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Analysts say that Beijing’s back-pedalling from a more open economy started in 2016 and was particularly notable in the past year. Photo: Shutterstock

China’s marketisation has taken a hit, and pro-market economists blame Beijing interference

  • Rising government intervention seen putting the brakes on China’s unfinished market-oriented reform, ‘despite remarkable progress in the past 23 years’
  • Beijing has been cracking down on Big Tech, property developers, entertainment and tutoring, while also intervening in the commodities market and power industry

China’s marketisation – the increased exposure of industries to market forces rather than state intervention – has fallen, prompting domestic pro-market economists to criticise Beijing’s continued interference in the country’s economic activities.

A newly released marketisation index by the National Economic Research Institute (NERI) – providing a province-level marketisation breakdown that gauges the extent of pro-market reforms and measures the quality of market institutions, on a scale of zero to 10 – fell to 5.81 in 2019 from 5.99 in 2016, with 2019 being the latest estimate.

Nine of China’s 31 provincial jurisdictions – Tianjin, Jilin, Heilongjiang, Inner Mongolia, Gansu, Ningxia, Tibet, Hainan and Guangxi – reported a fall in their marketisation level in the 2016-19 period.

A fall in the index – which also measures government-market relations, non-state economic developments, product markets, factor markets and the legal environment – represents a smaller market role in China’s economy.

The last drop was seen in 2010, when state-owned enterprises expanded quickly after Beijing injected 4 trillion yuan worth of stimulus to combat the 2008 global financial crisis.

“We must realise that China’s market-oriented reform hasn’t yet been completed, despite remarkable progress in the past 23 years,” Wang Xiaolu, deputy director of the Beijing-based NERI, said at a symposium on Tuesday. “It needs to be pushed forward … the direction must not be changed.”

Wang attributed the decline in the market role to rising government intervention, after the NERI sub-index of government-market relations dropped 0.43 points from 2016-19, to 6.76.

The product market sub-index also fell 3.03 points to 4.15 in 2019, owing to rising local protectionism and price interventions, while the sub-index of non-state economy development rose by 1.12 points to 7.83 in 2019.

The eastern province of Jiangsu led the country with a score of 8.51 in 2019 – an improvement from 7.07 three years prior – followed by southern export hub Guangdong and economic centre Shanghai, the NERI study showed.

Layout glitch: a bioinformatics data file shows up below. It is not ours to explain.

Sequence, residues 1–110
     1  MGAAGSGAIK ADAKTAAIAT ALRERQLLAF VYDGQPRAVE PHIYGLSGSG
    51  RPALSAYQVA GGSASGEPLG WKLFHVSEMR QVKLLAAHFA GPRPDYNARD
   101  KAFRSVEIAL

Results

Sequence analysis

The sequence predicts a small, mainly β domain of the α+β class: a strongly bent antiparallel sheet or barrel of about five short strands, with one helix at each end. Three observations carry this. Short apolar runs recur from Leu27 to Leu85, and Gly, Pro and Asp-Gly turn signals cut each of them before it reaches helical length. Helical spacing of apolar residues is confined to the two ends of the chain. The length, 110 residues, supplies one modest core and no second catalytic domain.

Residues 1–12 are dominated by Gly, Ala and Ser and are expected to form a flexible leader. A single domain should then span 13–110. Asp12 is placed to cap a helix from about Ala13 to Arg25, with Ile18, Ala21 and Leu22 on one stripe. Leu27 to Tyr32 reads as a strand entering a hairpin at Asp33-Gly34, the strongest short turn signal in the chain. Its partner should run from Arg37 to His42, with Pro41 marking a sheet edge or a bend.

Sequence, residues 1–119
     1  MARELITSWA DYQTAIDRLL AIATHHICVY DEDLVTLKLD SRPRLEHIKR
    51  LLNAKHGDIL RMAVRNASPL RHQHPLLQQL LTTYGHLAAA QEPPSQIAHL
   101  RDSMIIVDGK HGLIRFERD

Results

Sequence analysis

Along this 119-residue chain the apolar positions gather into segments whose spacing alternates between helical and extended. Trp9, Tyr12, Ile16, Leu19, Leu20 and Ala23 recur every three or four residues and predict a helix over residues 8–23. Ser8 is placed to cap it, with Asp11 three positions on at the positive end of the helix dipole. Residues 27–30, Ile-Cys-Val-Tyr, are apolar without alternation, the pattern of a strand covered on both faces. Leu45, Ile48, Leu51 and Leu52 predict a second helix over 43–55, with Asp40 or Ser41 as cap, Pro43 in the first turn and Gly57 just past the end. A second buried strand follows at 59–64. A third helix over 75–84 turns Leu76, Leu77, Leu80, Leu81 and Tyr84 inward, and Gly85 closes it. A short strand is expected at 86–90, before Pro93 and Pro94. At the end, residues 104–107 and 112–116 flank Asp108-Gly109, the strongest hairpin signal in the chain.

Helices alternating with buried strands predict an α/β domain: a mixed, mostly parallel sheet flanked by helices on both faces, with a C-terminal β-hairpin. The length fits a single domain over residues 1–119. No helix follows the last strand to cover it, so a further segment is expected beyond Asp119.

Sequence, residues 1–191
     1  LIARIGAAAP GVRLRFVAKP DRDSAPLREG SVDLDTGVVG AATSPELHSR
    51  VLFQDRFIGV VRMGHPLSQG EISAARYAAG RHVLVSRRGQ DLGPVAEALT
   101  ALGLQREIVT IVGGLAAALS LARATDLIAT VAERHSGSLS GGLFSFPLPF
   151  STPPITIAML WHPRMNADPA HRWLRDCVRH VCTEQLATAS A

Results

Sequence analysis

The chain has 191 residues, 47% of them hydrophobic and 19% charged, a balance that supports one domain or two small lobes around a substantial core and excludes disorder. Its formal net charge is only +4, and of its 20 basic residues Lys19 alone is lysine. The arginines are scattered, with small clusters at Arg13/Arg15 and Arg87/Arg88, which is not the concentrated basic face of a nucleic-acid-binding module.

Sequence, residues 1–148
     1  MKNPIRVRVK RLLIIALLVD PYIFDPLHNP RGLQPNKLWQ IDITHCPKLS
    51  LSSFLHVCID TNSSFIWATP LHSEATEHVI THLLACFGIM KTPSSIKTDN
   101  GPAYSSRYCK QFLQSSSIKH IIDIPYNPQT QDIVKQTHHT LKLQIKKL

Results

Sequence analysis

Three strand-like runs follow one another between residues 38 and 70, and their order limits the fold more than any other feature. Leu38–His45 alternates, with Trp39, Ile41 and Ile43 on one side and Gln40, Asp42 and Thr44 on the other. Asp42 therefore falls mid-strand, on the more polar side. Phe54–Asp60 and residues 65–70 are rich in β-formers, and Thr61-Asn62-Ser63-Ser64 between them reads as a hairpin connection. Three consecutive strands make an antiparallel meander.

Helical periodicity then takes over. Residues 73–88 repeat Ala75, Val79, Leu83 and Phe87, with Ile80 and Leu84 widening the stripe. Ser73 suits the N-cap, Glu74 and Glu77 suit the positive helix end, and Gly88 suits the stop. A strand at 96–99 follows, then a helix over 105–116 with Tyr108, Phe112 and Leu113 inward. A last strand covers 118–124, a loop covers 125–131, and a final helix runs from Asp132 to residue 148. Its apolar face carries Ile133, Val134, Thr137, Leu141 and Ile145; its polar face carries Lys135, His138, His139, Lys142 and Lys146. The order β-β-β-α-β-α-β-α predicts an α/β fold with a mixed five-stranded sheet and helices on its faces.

China’s northeast rust-belt region, whose economic growth was lower than the national average in the first three quarters, saw its parameter dip 0.15 points to 5.33 in 2019.

Overall, however, the NERI study indicated that China’s marketisation has increased over the past two decades – the period of the study – with only small declines in 1999, 2010 and now 2019.

While the research did not take into account post-coronavirus policy adjustments, the fall in the index has triggered concerns about the future of China’s private economy and its entrepreneurs, particularly as central authorities push towards a dual-circulation policy of self-reliance, along with their “common prosperity” agenda.

The falling index has also come amid Beijing’s crackdown on privately run big tech companies, property developers, entertainment and tutoring businesses, along with widespread power rationing and intervention in the commodities market.

The Atlantic Council and Rhodium Group warned last month that Beijing’s back-pedalling from a more open economy started in 2016 and was particularly notable in the past year.

“China in 2020 remains remote from the characteristics typical of open-market economies,” according to their joint report titled China Pathfinder. “The Xi-era pledge to ‘make the market decisive’ remains unfulfilled.”

Chinese leaders have long insisted on a socialist market economy, and protecting the private economy. This is expected to be reiterated at the Communist Party’s sixth plenary session this week.
Zhang Weiying, a Peking University professor and a staunch defender of the market economy, said a higher degree of marketisation would be good for a variety of government strategies.

“The regions with high marketisation indices usually report good growth rates. Their innovation capabilities are often the highest, while their income gaps are the smallest,” he said.

Peng Sen, president of China Society of Economic Reform, said the market approach remains key to the country’s economic growth and structural adjustments.

“It should not be changed,” he added.